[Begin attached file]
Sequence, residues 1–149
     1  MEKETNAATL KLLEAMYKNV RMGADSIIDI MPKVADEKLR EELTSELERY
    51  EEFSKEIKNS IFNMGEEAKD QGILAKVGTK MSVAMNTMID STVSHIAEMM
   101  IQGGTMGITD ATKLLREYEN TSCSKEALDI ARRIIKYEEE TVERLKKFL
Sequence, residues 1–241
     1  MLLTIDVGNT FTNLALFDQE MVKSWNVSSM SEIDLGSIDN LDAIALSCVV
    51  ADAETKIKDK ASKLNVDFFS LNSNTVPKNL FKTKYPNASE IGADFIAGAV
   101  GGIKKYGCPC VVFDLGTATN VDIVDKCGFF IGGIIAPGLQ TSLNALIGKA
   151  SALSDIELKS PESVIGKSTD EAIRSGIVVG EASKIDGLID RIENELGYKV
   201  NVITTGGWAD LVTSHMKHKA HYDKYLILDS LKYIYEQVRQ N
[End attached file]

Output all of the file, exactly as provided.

Sequence, residues 1–149
     1  MEKETNAATL KLLEAMYKNV RMGADSIIDI MPKVADEKLR EELTSELERY
    51  EEFSKEIKNS IFNMGEEAKD QGILAKVGTK MSVAMNTMID STVSHIAEMM
   101  IQGGTMGITD ATKLLREYEN TSCSKEALDI ARRIIKYEEE TVERLKKFL
Sequence, residues 1–241
     1  MLLTIDVGNT FTNLALFDQE MVKSWNVSSM SEIDLGSIDN LDAIALSCVV
    51  ADAETKIKDK ASKLNVDFFS LNSNTVPKNL FKTKYPNASE IGADFIAGAV
   101  GGIKKYGCPC VVFDLGTATN VDIVDKCGFF IGGIIAPGLQ TSLNALIGKA
   151  SALSDIELKS PESVIGKSTD EAIRSGIVVG EASKIDGLID RIENELGYKV
   201  NVITTGGWAD LVTSHMKHKA HYDKYLILDS LKYIYEQVRQ N